Tuesday, March 1, 2011

Meet the Politicans

Meet the Politicians

Life is pretty exciting right now, since it is election time.  It is a different kind of buzz than the elections I am used to in America.   For many months now the politicians have been campaigning, and campaigning consists of putting up posters, especially if you are in the Apia area, I have seen one person with a television commercial, but most of all, it is what you can give to the people.  Politicians spend a fortune bribing the communities for their votes.  They hand out money, or buy things for the village.  I talked with someone who works with the Graduate Program at the National University of Samoa, and she was able to use the campaigning to get scholarships for two of her students that didn’t have the money to attend university.  Because of the bribery for votes, and campaigning, only the extremely wealthy can afford to run for office.  I was told they have to expect to spend $1,000-$2,000 tala.  A sum that seems unheard of to me!

I have not seen much of the campaigning in my village, but I also did not go out specifically to look for it.  I talked with a teacher at the college, and she said she hadn’t been bribed by any of the candidates so she will vote with whoever might be the best.  (Something that I wish most people would do.)  She mentioned to me that it was stupid to vote based on the bribes since the politicians will only give you something before the election, and afterwards you are out of luck.

On Sunday, while I was heading back to Savai’i from Upolu, I saw a familiar face at the wharf.  It was a man from my village that was running for office.  I had seen his name with the 5others that were running from our district on television the previous week.  I asked him how the election was going, and he told me he had resigned from the race the previous Friday.  It was sad to see that there was going to be no representative from our village, but I can see the financial burden the race was putting on him, as it does for everyone else.  He also informed me that since he was the first one to drop out of the race, he was offered a government job.  (I am sure this played a big part in stepping down as well.)

When I arrived in Salelologa, I noticed that all of the busses to the north shore were there, but the busses to my district and the one after mine had not appeared.  I was not worried, as my bus is often late….but I began to realize that there were only a few of us waiting, and after awhile, we realized that that would mean the bus was not going to be coming.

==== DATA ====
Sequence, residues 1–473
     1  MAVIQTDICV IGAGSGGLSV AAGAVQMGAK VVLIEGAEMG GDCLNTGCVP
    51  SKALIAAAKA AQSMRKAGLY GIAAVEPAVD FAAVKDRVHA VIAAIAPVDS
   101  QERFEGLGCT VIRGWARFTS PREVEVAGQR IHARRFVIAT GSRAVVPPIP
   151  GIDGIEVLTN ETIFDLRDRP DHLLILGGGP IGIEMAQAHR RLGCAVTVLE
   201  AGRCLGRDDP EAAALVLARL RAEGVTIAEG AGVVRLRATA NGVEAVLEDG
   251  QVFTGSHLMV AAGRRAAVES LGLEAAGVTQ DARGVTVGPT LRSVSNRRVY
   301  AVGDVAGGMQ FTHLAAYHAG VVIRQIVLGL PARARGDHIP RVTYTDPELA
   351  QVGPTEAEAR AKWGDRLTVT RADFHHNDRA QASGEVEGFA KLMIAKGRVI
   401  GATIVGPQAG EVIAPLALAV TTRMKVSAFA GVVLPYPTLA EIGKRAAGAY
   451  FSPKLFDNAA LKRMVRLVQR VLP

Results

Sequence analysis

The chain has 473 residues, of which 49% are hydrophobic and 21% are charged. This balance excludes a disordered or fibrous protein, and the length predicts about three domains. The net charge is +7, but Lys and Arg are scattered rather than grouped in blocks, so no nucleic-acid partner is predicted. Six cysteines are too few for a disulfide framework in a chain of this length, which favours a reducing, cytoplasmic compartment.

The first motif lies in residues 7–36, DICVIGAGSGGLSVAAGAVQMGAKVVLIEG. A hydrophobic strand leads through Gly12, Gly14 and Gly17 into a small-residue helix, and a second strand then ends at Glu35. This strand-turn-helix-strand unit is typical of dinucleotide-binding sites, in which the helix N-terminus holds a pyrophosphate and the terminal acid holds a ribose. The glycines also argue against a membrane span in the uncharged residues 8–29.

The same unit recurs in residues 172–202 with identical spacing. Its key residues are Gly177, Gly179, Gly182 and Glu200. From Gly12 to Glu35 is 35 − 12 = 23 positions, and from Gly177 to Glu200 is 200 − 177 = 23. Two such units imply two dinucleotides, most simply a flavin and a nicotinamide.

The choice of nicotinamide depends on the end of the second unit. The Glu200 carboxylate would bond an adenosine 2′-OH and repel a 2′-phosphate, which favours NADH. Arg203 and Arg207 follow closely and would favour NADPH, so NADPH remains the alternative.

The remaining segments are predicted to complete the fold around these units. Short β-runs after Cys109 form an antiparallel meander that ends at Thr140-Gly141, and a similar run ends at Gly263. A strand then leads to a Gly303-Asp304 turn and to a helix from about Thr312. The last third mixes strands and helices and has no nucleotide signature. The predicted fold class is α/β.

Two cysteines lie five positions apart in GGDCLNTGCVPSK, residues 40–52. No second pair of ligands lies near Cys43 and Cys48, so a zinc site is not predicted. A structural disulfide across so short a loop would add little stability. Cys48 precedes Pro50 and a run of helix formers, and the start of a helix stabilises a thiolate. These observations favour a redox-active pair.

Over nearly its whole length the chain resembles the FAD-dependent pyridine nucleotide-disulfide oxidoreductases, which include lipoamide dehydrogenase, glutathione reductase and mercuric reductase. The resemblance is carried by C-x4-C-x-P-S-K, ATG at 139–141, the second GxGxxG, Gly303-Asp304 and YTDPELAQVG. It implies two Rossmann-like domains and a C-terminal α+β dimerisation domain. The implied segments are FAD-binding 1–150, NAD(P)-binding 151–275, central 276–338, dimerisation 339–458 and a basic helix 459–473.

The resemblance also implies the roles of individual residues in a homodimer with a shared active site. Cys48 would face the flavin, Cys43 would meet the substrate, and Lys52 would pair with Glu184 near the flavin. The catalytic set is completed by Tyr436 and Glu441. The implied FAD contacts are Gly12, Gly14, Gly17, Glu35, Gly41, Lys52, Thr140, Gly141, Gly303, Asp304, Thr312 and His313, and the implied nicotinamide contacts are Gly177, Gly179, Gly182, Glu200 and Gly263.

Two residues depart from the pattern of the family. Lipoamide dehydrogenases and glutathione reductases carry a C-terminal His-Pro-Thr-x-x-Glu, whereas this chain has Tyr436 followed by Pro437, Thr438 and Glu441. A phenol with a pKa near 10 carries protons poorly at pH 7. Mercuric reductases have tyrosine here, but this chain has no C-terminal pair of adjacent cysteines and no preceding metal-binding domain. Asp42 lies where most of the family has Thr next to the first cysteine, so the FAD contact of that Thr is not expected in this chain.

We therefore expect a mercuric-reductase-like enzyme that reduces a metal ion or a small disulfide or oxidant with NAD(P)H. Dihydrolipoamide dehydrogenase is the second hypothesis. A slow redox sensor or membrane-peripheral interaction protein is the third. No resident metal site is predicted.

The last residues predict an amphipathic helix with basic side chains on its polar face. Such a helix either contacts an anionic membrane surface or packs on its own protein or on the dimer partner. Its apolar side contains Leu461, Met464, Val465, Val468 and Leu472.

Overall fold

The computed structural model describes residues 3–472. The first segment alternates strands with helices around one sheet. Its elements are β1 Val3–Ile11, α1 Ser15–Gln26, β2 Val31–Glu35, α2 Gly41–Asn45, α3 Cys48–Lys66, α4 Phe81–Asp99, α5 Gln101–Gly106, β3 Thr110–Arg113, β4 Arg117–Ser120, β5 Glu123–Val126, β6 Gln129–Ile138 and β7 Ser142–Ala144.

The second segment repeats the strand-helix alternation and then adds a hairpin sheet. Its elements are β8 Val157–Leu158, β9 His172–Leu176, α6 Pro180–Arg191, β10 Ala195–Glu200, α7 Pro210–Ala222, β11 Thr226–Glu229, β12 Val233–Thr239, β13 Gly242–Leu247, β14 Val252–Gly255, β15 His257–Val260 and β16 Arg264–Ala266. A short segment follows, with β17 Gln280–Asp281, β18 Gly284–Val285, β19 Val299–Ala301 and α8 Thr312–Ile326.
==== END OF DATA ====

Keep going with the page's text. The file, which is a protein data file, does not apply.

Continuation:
“Shucks!” I thought, since I really did not want to pay for a cab, but paying for a cab is cheaper than paying for a hotel for the night….especially since if I stayed in Salelologa I would miss the following day’s work. 

Then a man in a taxi called out to me, and asked which village I lived in, and offered me a lift in his taxi.  He asked me about the other lone person waiting, and I told him it was a person from the village next to mine.  The man was also instructed to come inside.

In the taxi I learned that the man was coming back to his village to run for election.  He had lived for many years in America, and his children were still there.  He told me that he had come back to Samoa to see that important changes were made.  He cares and loves his country and does not want to see some of the problems that they have continue. 

Throughout the ride, it was very interesting to hear from him.  I never really had the chance to sit down with a politicians and given free reign over questions to ask him.  (Unless you include high school president, or someone from University…) 

We stopped at a store, which is a normal trend on a Sunday.  I was happy since I was able to buy bread for my family, and the politician had the same idea.  He bought at least 20 loaves of bread to hand out to his family.  (I think some of this is part of the bribery..)  He then went one step further, and bought us all big ice cream cones.  All of us, including the cab driver, were extremely happy with our ride.

My lesson learned from the day, if you are ever going to get stuck somewhere, it is always best to have a politician nearby to help you out. 


On a side note, I asked questions and learned how election day is here.  In my village, voting takes place at the Methodist pastor’s house.  (Other villages have it take place at the schools, or Woman’s Committee House, it depends on the village.)  They do not have the electronic voting machines, or punch outs of holes.  Instead they are given a slip of paper and tick off the name  of who they are voting for.  They then fold the paper and put it in a locked box. 

I hope to learn more about election day as I see it in action on Friday.



No comments:

Post a Comment